I have taken thousands and thousands of photos and this is still my favorite. pic.twitter.com/12kgzaJ8RX— Pablo Maurer (@MLSist) October 18, 2017
“Despite our investments and efforts, the current course is not sustainable,” Precourt Sports Venture chairman Anthony Precourt said Tuesday in a statement. “This club has ambition to be a standard bearer in MLS. Therefore, we have no choice but to expand and explore all of our options."
When Precourt bought the Crew in 2013, he promised to keep the team in Columbus for 10 years, but the rub was that he had an out clause -- the exception was that he could move the Crew to Austin.
How serious was Precourt's interest when he took over in 2013 and later pursued talks on a downtown stadium in Columbus to replace Mapfre Stadium? The fear is that Precourt's possible move is, as Bushnell Henry Bushnell of Yahoo FC wrote, "straight out of the NFL’s playbook" with frequent moves by teams from one market to another.
American soccer has always held itself up to be something different -- "a sort of evangelical enterprise," wrote Wes Burdine of FiftyFive.one -- so that trust was broken with Precourt's announcement, which was felt by MLS fans around the league. "If relocation is now on the table for a club like Columbus," Burdine said, "it is on the table for every club."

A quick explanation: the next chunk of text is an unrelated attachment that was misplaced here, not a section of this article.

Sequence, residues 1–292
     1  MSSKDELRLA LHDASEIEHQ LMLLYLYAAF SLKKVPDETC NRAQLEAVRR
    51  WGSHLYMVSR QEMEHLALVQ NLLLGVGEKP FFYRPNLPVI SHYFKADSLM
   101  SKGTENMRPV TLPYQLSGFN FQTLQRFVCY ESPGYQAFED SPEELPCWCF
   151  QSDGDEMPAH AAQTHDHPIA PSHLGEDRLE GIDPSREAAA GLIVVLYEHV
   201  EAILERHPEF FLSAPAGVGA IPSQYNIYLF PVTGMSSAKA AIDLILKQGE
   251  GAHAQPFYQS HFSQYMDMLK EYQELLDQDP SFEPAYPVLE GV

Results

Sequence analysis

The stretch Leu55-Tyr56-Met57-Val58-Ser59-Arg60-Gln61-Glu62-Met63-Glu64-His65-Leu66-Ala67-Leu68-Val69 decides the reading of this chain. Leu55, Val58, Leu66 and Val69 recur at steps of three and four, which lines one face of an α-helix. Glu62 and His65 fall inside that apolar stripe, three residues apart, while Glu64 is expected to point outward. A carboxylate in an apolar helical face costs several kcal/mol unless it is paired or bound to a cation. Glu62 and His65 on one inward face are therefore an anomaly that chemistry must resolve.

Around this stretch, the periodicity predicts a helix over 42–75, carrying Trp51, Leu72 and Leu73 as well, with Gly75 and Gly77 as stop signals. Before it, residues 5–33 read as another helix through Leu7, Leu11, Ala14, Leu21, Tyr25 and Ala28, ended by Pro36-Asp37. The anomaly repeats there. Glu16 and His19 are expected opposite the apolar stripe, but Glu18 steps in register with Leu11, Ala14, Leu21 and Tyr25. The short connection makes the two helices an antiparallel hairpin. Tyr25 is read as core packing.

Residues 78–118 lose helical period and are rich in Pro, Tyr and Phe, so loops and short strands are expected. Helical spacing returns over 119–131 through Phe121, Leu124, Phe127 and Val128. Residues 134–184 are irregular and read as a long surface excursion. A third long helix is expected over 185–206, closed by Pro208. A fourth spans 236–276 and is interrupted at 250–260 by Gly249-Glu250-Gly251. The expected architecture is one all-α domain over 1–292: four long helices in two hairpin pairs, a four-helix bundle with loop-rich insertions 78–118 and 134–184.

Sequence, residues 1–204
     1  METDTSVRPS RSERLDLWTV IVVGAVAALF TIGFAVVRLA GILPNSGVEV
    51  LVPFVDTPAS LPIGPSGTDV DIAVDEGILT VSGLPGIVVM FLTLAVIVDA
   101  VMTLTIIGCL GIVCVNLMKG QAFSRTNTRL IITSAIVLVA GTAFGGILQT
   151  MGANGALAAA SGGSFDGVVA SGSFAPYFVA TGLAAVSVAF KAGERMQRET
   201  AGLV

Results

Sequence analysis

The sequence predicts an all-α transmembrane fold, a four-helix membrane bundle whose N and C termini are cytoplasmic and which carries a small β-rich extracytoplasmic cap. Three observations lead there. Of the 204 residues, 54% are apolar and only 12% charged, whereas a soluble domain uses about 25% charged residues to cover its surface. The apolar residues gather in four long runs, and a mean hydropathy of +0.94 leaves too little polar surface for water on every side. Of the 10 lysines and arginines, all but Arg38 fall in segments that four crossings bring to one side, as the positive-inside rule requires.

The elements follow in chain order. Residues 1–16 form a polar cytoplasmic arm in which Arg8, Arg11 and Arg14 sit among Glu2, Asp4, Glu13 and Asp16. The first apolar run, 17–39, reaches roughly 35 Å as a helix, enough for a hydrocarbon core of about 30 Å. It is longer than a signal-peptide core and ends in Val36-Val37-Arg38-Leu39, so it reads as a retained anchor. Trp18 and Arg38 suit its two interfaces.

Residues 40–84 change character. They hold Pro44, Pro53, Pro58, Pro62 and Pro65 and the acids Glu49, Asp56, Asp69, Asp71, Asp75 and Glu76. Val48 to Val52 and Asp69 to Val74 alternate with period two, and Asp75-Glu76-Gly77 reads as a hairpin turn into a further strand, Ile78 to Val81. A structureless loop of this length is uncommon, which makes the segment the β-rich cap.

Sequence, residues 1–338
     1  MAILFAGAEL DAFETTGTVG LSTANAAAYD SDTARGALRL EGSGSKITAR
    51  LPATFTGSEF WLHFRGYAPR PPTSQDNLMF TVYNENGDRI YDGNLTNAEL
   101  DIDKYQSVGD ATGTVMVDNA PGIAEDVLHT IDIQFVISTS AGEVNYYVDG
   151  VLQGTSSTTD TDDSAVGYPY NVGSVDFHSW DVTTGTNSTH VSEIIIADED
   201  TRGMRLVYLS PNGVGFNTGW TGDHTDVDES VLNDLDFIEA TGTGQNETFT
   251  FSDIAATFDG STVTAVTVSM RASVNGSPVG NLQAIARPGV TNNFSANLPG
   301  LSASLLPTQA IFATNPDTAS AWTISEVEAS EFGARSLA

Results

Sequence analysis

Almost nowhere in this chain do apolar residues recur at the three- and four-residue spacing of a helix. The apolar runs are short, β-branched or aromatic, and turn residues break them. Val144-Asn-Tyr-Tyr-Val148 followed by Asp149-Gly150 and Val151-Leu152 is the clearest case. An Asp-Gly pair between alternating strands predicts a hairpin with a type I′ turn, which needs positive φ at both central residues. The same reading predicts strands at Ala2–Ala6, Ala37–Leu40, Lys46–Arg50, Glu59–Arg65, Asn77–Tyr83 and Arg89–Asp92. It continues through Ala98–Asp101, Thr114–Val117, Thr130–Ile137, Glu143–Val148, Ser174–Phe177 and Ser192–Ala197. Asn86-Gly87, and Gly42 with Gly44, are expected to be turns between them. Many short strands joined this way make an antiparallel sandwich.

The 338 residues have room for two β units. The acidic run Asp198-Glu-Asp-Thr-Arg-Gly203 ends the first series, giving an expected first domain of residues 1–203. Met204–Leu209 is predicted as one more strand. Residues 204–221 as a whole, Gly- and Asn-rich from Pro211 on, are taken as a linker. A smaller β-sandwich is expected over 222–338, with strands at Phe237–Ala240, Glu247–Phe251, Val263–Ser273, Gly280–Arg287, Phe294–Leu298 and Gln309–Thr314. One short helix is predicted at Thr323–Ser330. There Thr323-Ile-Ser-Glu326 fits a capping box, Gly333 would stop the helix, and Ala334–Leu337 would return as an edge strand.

Burdine suggested it was not too late for MLS to do something:
-- Forbid relocation if a genuine offer is made to purchase the team from the existing market;
-- Provide more resources to the original clubs (four of whom rank at the bottom of attendance).
Precourt says his interest in Austin is sincere.
“I’ve had a longstanding affinity for this city," he told the Austin Statesman. “My interest in Austin is very sincere. It’s young, vibrant, multi-cultural, loaded with millennials and has a rapidly growing corporate element.”
That might be true, but there was no sign of overwhelming support for soccer out of Austin, where two USL teams have failed. That only added to the uncertainty of the situation.
All the possible move to Austin did was threaten San Antonio's bid for one of MLS's four expansion franchises.
“MLS officials told us that there will not be a franchise in both Austin and San Antonio,” Bexar County Judge Nelson Wolff, who has spearheaded the San Antonio MLS effort, said in a statement to the San Antonio Express. “We want clarification from MLS regarding the status of our expansion application in light of news today from Columbus.”
Express columnist Roy Bragg wrote that Precourt might be like "nearly every other disgruntled team owner in America, using one city (Austin) to extract financial concessions from another (Columbus)."
If Precourt is, all he'll have done is make enemies in two cities.